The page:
On a week like this, it has been hard to turn our thoughts to the game ahead, and for the remainder of the week and beyond they will undoubtedly remain with the family and friends of the late Darragh Doherty.
But this is a massive occasion for our county and on Sunday, more than ever, this Mayo team will be looking to do him and themselves proud as we face into an All-Ireland semi-final for the fifth year running. Truly these are glory days for and this Sunday versus the mighty Dubs, while it will undoubtedly be laced with poignancy has the potential to be the biggest and loudest day we have ever witnessed in Croke Park to date.
If there was ever a day to stand up and be counted as supporters, this is it.
If there was ever a day to empty your lungs in support of our boys, THIS IS IT.
It’s time for us to play our part once again. The Dubs are loud; and in all likelihood, we will be outnumbered. We need to work harder. Let no silence fall during this game. If we lead, we cheer. If we fall behind, we cheer louder. Be the best Mayo supporters we can be. Bring the colour, and bring the noise. It’s time to be the 16th man.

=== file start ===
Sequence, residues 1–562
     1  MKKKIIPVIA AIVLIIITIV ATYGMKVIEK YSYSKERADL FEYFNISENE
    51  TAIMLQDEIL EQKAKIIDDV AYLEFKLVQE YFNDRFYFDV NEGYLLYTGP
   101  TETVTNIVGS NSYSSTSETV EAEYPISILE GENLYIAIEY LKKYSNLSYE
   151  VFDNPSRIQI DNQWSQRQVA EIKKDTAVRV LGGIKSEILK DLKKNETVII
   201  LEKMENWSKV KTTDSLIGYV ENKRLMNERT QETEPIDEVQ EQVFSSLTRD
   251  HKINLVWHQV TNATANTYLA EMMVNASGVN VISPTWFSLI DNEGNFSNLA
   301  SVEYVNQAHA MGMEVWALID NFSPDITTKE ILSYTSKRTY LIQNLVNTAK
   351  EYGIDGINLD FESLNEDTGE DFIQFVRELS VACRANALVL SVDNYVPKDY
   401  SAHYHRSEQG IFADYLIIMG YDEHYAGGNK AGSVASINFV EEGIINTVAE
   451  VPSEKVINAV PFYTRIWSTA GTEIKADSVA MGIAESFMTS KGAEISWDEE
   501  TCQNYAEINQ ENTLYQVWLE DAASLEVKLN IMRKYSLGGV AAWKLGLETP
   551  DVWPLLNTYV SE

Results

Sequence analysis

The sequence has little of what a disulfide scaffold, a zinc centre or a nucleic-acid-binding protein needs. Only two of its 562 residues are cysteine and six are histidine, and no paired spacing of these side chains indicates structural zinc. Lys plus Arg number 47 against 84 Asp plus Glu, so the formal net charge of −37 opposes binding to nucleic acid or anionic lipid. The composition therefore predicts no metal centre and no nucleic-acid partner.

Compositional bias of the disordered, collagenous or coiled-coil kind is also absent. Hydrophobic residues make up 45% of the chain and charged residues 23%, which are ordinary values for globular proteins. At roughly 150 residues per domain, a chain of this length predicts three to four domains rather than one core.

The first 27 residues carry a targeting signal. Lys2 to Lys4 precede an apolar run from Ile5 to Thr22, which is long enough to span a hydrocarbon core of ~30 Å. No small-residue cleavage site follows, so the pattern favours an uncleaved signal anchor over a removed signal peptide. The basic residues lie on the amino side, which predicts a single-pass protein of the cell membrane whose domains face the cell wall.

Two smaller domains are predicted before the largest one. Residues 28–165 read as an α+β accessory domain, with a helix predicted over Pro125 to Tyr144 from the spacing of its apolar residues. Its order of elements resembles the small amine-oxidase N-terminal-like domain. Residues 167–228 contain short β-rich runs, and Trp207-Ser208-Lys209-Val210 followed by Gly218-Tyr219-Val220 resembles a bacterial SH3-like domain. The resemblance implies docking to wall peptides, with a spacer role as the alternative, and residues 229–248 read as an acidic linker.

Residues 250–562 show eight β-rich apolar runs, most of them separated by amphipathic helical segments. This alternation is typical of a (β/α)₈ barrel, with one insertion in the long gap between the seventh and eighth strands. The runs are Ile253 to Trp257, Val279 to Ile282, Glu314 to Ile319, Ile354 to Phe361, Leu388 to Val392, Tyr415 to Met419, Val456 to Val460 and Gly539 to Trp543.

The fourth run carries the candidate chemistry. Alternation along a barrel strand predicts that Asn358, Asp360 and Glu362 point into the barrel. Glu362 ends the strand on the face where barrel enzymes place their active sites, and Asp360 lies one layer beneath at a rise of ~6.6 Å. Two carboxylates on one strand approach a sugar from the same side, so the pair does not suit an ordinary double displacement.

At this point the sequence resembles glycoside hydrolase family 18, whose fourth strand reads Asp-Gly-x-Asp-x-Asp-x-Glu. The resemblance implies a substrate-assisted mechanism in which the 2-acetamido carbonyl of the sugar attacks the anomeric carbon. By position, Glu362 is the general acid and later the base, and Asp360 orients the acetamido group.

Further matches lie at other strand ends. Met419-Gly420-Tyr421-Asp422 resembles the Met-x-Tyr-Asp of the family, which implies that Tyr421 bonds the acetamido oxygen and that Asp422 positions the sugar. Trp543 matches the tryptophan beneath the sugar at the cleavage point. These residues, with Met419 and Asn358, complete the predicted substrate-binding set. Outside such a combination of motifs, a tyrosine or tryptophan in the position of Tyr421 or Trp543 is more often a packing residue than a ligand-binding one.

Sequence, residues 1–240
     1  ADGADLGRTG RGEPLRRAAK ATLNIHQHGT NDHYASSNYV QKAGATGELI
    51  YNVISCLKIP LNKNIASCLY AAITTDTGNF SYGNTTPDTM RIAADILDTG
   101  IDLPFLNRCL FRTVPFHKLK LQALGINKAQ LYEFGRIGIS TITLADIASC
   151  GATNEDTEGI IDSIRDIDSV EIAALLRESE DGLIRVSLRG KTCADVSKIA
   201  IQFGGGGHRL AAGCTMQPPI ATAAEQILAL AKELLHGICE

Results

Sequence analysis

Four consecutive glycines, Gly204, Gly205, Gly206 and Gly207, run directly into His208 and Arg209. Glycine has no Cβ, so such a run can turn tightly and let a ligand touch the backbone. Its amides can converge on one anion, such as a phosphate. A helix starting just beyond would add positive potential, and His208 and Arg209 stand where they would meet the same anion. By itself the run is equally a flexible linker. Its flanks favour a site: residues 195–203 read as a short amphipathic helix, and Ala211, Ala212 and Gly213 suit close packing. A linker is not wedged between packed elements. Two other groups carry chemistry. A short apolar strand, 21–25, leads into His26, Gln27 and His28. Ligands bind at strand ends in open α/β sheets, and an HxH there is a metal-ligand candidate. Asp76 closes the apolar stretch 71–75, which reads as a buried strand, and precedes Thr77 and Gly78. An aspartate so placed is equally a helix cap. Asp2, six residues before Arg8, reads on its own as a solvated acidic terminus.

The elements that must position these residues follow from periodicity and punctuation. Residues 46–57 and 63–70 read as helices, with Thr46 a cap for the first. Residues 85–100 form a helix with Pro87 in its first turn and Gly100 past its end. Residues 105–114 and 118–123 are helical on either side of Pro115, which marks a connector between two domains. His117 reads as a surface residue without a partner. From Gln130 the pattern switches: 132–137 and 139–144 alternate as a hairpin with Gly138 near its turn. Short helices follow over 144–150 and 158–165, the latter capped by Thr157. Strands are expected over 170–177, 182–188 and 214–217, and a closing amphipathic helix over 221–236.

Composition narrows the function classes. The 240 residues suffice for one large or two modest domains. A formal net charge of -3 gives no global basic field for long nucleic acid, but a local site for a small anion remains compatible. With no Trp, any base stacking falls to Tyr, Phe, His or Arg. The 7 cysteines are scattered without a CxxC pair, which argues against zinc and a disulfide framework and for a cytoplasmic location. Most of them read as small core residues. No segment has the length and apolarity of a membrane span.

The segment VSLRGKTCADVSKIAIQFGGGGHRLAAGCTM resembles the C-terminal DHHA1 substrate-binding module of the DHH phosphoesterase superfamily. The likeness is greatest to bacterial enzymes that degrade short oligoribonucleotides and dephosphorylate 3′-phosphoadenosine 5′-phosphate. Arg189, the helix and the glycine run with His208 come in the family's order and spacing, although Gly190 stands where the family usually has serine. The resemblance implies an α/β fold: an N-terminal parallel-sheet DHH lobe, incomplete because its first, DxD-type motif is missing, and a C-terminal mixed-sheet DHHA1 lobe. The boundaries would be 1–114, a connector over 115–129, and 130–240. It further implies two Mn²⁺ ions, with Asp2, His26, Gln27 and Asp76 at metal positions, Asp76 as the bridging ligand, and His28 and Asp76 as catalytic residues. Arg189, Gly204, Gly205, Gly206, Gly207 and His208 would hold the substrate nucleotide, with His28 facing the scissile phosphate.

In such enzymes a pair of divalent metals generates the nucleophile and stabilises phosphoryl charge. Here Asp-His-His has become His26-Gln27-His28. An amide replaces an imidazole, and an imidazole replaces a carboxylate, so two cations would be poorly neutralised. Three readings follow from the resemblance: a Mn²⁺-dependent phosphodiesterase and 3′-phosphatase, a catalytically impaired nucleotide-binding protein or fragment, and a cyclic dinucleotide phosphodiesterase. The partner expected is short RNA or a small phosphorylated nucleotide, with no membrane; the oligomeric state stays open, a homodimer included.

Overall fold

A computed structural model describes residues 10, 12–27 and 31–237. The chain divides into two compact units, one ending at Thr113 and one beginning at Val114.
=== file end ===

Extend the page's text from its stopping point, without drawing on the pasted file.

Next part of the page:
Being The 16th (And 17th) Man
As is now customary, here is our usual round-up of info on how to get there. We noticed that the sound people in the Western People have taken a leaf from our book this week and done their own essential matchday guide and we are very flattered altogether but we’ve a bit more info below that might be useful. If you have any other info you think people should know, get in touch.
As we always say, leave on time … leave yourself plenty of time for the breakfast in Rathowen!
The Longford Marathon takes place in Longford (unsurprisingly), on Sunday, and Main Street in Longford will remain closed from 10-4pm. The N4/N5 bypass will remain open, but with potentially heavier volumes of traffic.
Don’t forget your change for the toll bridge. When nerves are fraught it may just be the straw that breaks the camel’s back. Many a marriage has run into difficulty under the e-toll sign in Enfield. Don’t say we didn’t warn you.
Don’t forget either to stop into Feerick’s in Rathowen for a hearty breakfast. In what is now a match day tradition Mid West Radio will be broadcasting on the morning of the game.
Mater Car Park: Sunday’s special offer is available at the Mater Car Park; the closest official car park to the stadium, with all day parking available for only €10 and it can be booked online here. Fans are advised to book early for this weekend to avoid disappointment.
Q-Park: Park for up to 24 hours on match-day in Q-Park Clerys for only €8. Or park in Q-Park Usher’s Quay for €4 upon presentation of a match day ticket. The Match-Day offer is for GAA matches only and does not cover concerts or other events in Croke Park.